Highland, Illinois will be conducting extra testing in the coming months after high levels of lead were found in the drinking water for several homes, according to the city’s website.
Mayor Joe Michaelis told the city council that testing showed some of Highland’s water is exceeding some action levels, reported the Belleville News-Democrat.
According to Public Works director Joe Gillespie, the city was not found in violation, although some of the water tests have exceeded the recommended levels.
According to the city, most homes were below 1 ppb while others were as high as 15 ppb.
“It was just a couple of houses out of 30 tested that had high numbers, which skewed the rest of the results,” said interim city manager Chris Conrad, reported the Belleville News-Democrat.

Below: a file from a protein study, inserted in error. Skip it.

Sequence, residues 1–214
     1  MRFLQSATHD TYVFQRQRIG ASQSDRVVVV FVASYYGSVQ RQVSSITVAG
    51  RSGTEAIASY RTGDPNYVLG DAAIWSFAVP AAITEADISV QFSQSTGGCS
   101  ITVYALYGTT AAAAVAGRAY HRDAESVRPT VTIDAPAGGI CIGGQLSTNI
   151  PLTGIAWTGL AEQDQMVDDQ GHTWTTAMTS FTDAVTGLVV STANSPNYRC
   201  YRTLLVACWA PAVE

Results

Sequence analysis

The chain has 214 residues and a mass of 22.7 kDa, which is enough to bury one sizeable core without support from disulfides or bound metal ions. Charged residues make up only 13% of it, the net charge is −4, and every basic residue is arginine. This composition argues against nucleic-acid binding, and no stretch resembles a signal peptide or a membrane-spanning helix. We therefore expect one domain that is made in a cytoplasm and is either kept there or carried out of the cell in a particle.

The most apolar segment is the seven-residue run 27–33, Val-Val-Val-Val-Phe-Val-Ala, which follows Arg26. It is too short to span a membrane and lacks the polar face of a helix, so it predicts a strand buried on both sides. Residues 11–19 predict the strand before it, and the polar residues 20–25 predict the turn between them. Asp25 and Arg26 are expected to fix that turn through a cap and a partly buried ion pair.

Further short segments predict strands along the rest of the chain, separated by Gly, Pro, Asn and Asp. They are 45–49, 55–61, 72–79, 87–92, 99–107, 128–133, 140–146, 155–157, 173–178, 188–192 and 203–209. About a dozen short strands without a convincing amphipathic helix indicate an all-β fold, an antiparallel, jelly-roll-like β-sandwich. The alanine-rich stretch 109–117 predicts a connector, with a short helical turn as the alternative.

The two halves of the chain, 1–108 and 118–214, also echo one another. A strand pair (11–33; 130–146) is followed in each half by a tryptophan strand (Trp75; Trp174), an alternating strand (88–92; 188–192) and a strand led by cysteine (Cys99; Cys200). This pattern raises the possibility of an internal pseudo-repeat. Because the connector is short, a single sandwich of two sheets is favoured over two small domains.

The Illinois Environmental Protection Agency requirements states that the residents collect the samples.
The lead sampling is typically conducted every three years.
There will be two more water samplings in the next year and twice the number of testing sites, according to the city. Once lead levels come down, Highland can go back to testing once every three years.
IEPA records reveal an average lead measure of 0.017 milligrams per liter in the 2020 sampling from Highland. In 2017 the measure was 0.0082 and in 2014 it was 0.0065. In all prior samplings going back to 2002, the measure usually ranged from 0.0018 to 0.0022, according to the Belleville News-Democrat.
“Obviously we’re continuing to work with IEPA to make sure we get the additional testing done to ensure there is not a systemwide problem,” Conrad added.